Born at the end of 1944, Rita Mae Brown is known primarily as a lesbian, feminist, activist, and author. She is also a orphan, screenwriter, animal lover, and farmer.

She received an Associate's degree from Broward Junior College in 1965, a Bachelor's degree in English and Classics from New York University in 1968, and a cinematography degree from School of the Visual Arts in 1968. Despite accomplishing all this, the 1960s for Brown were more a time of political activism. She participated in the civil rights movement and demonstrated against war; she helped start the women's liberation movement and a chapter of the Student Homophile League. She was one of two women at the Stonewall Riots, and in 1969 publically outed herself at a meeting of the National Organization of Women - a new group, at the time not open to lesbians. When told her self-outing was courageous, Brown's response is generally that she's a bad liar and might as well tell the truth. Four years later, in 1973, she published her first novel, Rubyfruit Jungle, the story of a young girl who is proud of her homosexuality. She earned a Ph.D. in English and Political Science in 1976 from the Institute for Policy Studies, and spent the winter of 1977-1978 as a writer-in-residence at the Women's Writing Center of Cazenovia College. The 1980s found Brown in Hollywood working as a screenwriter, and in 1982 she was nominated for an Emmy award. Those years were also a period of loss for her, as her friends died from AIDS, she broke up with Martina Navratilova, and had to deal with the death of her mother. In the late 80s, she began a new series of novels, the Mrs. Murphy Mystery Series (co-written with her cat, Sneaky Pie Brown), and continued those through the 1990s. At the age of 53, Brown published Rita Will: Memoir of a Literary Rabble-Rouser, her 1997 autobiography; today she lives on a farm in Charlottesville, VA.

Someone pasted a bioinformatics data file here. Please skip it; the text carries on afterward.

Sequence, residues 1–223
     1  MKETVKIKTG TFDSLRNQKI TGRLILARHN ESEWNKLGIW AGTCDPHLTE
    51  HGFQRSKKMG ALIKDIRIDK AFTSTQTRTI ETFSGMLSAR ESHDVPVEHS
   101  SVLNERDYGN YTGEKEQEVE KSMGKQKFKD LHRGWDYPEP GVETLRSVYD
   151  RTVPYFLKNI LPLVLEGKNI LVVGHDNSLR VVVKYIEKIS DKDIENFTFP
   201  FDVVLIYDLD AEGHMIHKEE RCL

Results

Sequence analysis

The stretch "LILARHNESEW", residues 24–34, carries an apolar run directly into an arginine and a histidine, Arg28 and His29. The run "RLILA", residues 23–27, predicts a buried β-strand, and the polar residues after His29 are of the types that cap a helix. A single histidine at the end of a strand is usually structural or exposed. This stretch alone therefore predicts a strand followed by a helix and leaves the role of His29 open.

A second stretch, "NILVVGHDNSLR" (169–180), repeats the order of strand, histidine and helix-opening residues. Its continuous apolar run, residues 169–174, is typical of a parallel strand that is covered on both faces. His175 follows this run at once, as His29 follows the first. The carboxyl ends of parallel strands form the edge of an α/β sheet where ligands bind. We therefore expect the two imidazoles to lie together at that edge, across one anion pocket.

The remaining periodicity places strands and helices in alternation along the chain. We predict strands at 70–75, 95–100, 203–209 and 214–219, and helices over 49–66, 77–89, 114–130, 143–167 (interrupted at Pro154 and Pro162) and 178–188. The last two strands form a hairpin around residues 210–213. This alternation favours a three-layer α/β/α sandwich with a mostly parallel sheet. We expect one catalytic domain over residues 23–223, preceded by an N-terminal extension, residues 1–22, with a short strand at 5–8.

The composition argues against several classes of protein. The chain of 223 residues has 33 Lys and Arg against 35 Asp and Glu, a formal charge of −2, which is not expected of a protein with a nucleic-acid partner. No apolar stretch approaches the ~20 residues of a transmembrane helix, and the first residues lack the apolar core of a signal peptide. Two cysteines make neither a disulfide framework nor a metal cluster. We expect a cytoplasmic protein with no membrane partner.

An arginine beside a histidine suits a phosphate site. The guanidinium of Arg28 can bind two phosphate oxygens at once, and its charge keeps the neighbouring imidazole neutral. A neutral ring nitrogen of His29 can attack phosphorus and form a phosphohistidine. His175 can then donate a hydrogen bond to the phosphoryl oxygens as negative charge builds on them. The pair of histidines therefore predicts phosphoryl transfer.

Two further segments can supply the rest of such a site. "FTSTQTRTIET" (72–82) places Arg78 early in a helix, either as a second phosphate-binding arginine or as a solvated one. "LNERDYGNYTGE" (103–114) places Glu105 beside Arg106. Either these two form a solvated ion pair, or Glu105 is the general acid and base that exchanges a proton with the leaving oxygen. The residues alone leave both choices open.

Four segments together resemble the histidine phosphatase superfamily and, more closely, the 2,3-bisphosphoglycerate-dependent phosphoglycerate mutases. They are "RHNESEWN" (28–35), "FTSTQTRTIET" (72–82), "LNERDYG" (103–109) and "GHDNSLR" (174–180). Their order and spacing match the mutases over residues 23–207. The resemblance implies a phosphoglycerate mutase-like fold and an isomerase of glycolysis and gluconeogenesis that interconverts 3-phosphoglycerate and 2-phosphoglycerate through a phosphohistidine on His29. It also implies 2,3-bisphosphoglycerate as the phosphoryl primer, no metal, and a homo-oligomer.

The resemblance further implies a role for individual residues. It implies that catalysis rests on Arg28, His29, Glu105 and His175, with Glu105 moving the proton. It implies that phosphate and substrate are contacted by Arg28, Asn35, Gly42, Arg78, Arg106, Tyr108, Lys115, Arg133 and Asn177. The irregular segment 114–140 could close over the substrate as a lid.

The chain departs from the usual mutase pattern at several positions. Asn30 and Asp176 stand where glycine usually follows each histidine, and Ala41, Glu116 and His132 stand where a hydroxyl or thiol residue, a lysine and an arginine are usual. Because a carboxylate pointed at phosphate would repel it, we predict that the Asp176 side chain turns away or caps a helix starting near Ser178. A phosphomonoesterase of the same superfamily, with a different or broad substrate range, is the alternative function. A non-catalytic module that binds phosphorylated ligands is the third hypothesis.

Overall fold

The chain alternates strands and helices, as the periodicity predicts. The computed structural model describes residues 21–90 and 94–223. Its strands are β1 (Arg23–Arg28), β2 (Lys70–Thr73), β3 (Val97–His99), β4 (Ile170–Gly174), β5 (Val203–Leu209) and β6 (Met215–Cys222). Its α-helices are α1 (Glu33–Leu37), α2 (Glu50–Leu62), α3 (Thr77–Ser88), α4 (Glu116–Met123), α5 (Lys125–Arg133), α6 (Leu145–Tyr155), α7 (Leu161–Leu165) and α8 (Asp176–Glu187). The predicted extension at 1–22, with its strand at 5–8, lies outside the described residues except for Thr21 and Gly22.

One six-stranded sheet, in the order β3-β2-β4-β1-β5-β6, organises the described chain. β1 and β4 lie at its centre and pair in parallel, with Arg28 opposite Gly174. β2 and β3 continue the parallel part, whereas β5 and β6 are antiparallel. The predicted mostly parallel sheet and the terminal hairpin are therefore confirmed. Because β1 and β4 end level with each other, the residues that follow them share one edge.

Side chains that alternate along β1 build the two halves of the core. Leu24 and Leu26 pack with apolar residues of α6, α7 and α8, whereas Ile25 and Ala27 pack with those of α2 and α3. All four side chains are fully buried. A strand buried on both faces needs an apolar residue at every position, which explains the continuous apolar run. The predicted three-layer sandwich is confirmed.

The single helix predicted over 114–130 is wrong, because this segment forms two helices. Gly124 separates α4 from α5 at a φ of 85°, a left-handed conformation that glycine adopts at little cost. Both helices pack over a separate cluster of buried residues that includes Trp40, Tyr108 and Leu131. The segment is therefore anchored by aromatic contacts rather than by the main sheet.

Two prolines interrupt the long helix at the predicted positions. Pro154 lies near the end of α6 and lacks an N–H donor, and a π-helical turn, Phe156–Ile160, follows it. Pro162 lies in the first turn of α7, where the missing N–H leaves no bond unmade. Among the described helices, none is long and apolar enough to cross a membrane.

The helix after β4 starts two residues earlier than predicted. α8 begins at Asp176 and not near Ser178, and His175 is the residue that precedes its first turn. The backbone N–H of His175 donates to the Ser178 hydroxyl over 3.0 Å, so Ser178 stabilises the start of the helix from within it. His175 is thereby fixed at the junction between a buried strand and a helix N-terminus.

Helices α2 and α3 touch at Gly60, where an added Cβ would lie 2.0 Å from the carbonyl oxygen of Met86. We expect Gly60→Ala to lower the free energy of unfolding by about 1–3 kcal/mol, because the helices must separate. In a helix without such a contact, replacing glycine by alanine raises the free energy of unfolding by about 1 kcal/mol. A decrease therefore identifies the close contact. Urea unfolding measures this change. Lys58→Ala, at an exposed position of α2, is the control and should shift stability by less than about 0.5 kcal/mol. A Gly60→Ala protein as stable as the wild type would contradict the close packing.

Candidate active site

• The Hand That Cradles the Rock - poetry - New York University Press, 1971
  • Songs to a Handsome Woman - poetry - Diana Press, 1973
  • Rubyfruit Jungle - novel - Daughters Press, 1973 - Bantam Books reprint, 1979
  • The Plain Brown Rapper - collection of political articles - Diana Press, 1976
  • In Her Day - novel - Daughters Press, 1976 - Bantam Books reprint, 1988
  • Six of One - novel - Harper and Row, 1978 - Bantam Books reprint, 1979
  • Southern Discomfort - novel - Harper and Row, 1982 - Bantam Books, 1982
  • Sudden Death - novel - Bantam Books, 1983
  • High Hearts - novel - Bantam Books, 1986
  • Starting from Scratch: A Different Kind of Writer's Manual - non-fiction - Bantam Books, 1988
  • Bingo - novel - Bantam Books, 1988
  • Wish You Were Here - novel - Bantam Books, 1990
  • Rest in Pieces - novel - Bantam Books, 1992
  • Venus Envy - novel - Bantam Books, 1993
  • Murder at Monticello - novel - Bantam Books, 1994
  • Pay Dirt, or Adventures at Ash Lawn - novel - Bantam Books, 1995
  • Riding Shotgun - novel - Bantam Books, 1996
  • Murder, She Meowed - novel - Bantam Books, 1996
  • Rita Will: Memoir of a Literary Rabble-Rouser - autobiography - Bantam Books, 1997

Why am I interested in Rita Mae Brown? I admit that I have only read her Rubyfruit Jungle and Bingo, and that I picked up the former because it was about a gay teenager. I came across the latter after taking an interest in Sue Grafton, and found it next to Brown's mystery series. But she has an easy writing style that feels familiar - I shouldn't be able to identify with the protagonist of Rubyfruit Jungle, all we have in common is that we're both dykes, and yet Brown makes her immediately likeable. I don't have anything else in common with the star of Bingo, but the writing style makes me immediately interested in the small-town journalist. While Brown herself is a revolutionary, her work never seems so - none of her characters are out to change the world, and there is no pressure on the reader to do so.